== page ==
Even though this band has been touring for a number of years as ‘Soft Machine Legacy’ there’s an undeniable frisson in going along to see a band called simply Soft Machine for the first time in your life, having pored over their various incarnations from a distance only, for much of the last 30 years.
Soft Machine, who dropped the ‘Legacy’ part of their name a couple of years back, these days consist of 3 Seventies veterans (John Etheridge, Roy Babbington and John Marshall) as well as Theo Travis, Legacy member for a decade but also Gong’s post-Didier saxophonist in the Nineties. Understandably the setlist takes as its starting point the mid-Seventies jazz crossover material, most particularly the ‘Softs’ album, but liberally samples music from the Soft Machine discography from ‘Third’ onwards, as well as showcasing strong newer material from the Legacy albums.
The band played two extensive sets, the first interrupted by a brief (and thankfully not serious) medical emergency in amongst the crowd , and worked their way through ‘Bundles’ (the track), and a lovely ‘Song of Aeolus’ from ‘Softs’, interspersed with tracks from more recent Legacy material from ‘Steam’, the superb ‘Voyage Beyond Seven’ from the ‘Burden of Proof’ album, and a very fine set-closer from ‘Live Adventures’.
John Etheridge looked surprisingly youthful, grinning toothfully through an unruly mop of hair, and constantly engaging in languid banter with the crowd and other band members. John Marshall, hidden behind his compact drum kit was mesmerisingly tight, a master technician. Roy Babbington grooved away in acres of space over on the right hand side of the stage, and Theo Travis, alternating between tenor and soprano saxes, flute and keyboards, provided much of the texture for the band one way or another. He has an almost chameleon-like quality to meld into whatever genre he’s doing – stepping into pseudo-Ratledge keyboard meanderings in places, taking up keyboard lines on his flute on others, or brassing out on tenor sax. It’s hard to equate this sometimes with his existence as a mainstay in the somewhat more frivolous Gong all those years ago – he’s just a consummate performer all-round.
Theo Travis – photo Simon Kerry
The main focal point, however, was undoubtedly Etheridge, his fluidity undiminished through the years, and whilst ‘Aeolus’, to these ears’ might have benefitted from him sustaining his notes a little more on this anthemic guitar track, some of his unfettered soloing elsewhere was truly mindboggling. He even threw in an observation about Karl Jenkins’ tunes requiring him to replace upper parts of his fretboard on a couple of the pieces performed tonight.
If the first half of the set perhaps saw the band continuing to assert its new identity, the second half unashamedly played to its legacy. Starting with another ‘Softs’ album anthem ‘The Tale of Taliesin’ and continuing later with ‘Out of Season’, the band also tackled Bundles’ ‘The Man Who Waved At Trains’, with Travis operating solely on keyboards, before screaming into the highlight of the night – ‘Gesolreut’. Introduced through an outraged and dissonant guitar line, this was a highly funked up version punctuated by saxophone squawks. It brought the house down.
John Marshall – photo Simon Kerry
I never thought I’d get to see ‘Outbloodyrageous’ from the iconic ‘Third’ album performed live. It’s surely part of the Crown Jewels of the Canterbury scene, and if nothing for me would quite match the rendition on ‘Third’ or the recently unveiled video here, this version was mighty fine, the Dobson/Dean duo line tackled dextrously on soprano sax and guitar. The only problem that this version, introduced via sampled keyboard loops from Theo Travis, ended far too soon! Would love to hear a full rendition…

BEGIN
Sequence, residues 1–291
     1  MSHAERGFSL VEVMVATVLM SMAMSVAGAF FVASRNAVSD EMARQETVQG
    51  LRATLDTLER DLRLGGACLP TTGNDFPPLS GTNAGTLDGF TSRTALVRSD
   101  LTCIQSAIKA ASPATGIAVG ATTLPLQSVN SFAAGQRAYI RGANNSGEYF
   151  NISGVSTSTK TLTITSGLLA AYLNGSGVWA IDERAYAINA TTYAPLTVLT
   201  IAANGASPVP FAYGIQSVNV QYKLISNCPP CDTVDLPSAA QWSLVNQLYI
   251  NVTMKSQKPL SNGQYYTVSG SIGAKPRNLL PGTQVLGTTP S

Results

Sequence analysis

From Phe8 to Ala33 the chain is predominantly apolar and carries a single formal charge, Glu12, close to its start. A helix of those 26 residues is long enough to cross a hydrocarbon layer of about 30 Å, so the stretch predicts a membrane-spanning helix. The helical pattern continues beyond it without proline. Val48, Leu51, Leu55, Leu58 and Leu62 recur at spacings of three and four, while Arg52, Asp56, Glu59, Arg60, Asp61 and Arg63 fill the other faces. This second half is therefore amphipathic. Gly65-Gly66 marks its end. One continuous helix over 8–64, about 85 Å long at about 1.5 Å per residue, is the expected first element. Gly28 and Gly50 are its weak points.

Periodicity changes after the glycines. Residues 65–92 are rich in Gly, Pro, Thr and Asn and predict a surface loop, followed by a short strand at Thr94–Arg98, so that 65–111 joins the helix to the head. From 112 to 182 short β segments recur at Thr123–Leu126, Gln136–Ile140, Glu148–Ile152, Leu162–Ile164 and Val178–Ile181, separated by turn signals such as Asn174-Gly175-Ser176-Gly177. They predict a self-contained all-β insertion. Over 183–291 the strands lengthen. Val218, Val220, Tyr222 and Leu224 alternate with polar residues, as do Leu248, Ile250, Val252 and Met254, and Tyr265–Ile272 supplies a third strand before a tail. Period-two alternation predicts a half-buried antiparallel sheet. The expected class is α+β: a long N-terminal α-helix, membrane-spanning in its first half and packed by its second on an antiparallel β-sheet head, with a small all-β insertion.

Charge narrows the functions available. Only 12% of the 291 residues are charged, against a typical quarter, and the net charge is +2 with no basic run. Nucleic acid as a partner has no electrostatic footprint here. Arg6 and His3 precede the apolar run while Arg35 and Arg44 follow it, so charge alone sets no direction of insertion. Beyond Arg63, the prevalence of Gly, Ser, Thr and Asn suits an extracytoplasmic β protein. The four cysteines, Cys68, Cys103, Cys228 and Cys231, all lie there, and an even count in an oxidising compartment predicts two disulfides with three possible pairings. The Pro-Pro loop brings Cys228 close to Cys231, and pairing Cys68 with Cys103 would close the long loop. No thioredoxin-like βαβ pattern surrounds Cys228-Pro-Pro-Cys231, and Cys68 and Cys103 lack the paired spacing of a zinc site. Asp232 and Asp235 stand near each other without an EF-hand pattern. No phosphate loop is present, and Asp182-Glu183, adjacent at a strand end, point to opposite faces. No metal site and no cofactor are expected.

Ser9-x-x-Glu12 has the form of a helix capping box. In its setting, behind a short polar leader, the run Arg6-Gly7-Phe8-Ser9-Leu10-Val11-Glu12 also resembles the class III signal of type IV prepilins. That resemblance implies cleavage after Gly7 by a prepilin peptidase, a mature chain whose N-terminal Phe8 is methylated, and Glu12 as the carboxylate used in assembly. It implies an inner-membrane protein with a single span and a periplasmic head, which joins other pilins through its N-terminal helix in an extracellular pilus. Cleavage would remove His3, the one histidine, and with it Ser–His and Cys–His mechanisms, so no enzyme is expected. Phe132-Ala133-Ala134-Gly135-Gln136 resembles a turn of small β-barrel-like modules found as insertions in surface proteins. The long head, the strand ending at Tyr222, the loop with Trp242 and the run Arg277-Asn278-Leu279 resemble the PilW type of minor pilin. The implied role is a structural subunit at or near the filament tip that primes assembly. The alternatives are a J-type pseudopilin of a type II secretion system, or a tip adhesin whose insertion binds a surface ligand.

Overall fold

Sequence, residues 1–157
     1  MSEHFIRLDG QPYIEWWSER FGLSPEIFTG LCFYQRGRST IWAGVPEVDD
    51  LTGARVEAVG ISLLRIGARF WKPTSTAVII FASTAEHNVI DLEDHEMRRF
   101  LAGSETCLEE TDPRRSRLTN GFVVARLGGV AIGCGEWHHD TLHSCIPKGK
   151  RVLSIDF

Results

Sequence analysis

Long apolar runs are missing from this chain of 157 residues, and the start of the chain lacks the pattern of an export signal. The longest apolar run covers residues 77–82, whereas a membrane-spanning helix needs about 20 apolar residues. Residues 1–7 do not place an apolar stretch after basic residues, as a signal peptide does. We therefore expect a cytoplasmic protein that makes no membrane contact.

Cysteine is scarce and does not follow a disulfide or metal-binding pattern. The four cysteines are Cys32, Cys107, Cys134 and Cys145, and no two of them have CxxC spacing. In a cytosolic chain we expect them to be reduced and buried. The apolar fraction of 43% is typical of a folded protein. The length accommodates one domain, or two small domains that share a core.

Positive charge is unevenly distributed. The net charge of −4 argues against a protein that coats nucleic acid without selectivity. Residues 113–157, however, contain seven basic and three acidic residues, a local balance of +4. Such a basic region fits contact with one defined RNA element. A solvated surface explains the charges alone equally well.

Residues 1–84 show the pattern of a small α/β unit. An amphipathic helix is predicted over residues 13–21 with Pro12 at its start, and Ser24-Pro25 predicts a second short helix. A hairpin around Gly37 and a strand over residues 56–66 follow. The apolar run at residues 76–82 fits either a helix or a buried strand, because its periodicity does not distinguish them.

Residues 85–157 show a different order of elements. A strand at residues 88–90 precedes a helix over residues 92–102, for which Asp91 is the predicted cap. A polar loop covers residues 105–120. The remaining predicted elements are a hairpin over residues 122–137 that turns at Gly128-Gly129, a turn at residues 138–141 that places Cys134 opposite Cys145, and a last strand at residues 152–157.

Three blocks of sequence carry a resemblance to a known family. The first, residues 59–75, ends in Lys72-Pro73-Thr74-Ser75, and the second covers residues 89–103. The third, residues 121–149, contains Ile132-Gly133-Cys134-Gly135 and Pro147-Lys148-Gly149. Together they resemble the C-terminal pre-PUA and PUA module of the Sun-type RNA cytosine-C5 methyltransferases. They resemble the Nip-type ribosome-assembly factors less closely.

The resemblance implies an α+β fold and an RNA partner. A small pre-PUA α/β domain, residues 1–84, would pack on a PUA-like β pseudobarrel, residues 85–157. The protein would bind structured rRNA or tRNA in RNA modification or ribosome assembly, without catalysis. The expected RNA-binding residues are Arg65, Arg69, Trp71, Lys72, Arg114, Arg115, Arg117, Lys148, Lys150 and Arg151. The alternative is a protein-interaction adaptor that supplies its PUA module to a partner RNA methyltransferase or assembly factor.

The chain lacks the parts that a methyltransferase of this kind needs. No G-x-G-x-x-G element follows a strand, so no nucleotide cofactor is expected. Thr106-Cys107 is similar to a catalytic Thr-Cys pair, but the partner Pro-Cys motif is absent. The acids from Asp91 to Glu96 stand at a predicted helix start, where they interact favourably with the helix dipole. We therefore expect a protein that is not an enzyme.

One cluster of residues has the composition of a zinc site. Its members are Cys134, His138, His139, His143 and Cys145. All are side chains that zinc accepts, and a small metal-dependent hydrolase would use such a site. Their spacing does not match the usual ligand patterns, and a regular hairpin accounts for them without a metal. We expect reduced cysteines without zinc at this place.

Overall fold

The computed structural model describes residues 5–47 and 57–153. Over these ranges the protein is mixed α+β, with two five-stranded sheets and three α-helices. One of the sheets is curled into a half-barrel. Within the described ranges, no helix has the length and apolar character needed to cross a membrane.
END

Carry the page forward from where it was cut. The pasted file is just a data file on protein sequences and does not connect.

The finale was a medley of material from various sources (including ‘Seven’), featuring solos from John Marshall and Roy Babbington and ridiculously prodigious call and response lines from guitar and sax to end the gig on a high. Except that a half-hearted attempt to leave the stage prior to an encore proved fruitless, and soon the band were kicking into ‘Hazard Profile’. The instantly recognisable main theme (let us not forget based around the riff from the Nucleus track ‘Song For The Bearded Lady’ featuring John Marshall and in later incarnations Roy Babbington) morphed into the guitar solo section – with a twist. Allan Holdsworth’s original guitar lines were swiftly forgotten as thunderous, dirty bass lines from Babbington underpinned a most unEtheridge atonal guitar solo – as Theo Travis struggled to rein the piece back in with keyboards. A marvellous conclusion to a fine gig.
One last thought: there’s been a lot of heated debate on music forums about whether this band should go out under the name Soft Machine – for me it’s all a bit too precious. Soft Machine’s music has always been a broad church, taking a route no doubt unintended at its inception, but no less worthy for that. For the many of us unlucky enough not to see the genesis of the band (or indeed any live incarnation until now) our views don’t have to be coloured by chronology: my own personal listening was started by the albums of ‘Third’ ‘5’, ‘Seven’, ‘Bundles’ and ‘Softs’, and I love pretty much all of them, even though the latter 3 are streets apart from Volumes 1, 2 or ‘Jet Propelled Photographs’. Who am I or anyone else to tell 3 Soft Machine stalwarts from the early Seventies that they shouldn’t perform as a band called Soft Machine playing Soft Machine tracks that they in many cases wrote or performed as Soft Machine members 40 years ago! And if the use of the name adds a few extra bums on seats (tonight was sold out), supports the musicians we love, and incentivises them to carry on, then why should any of us be complaining?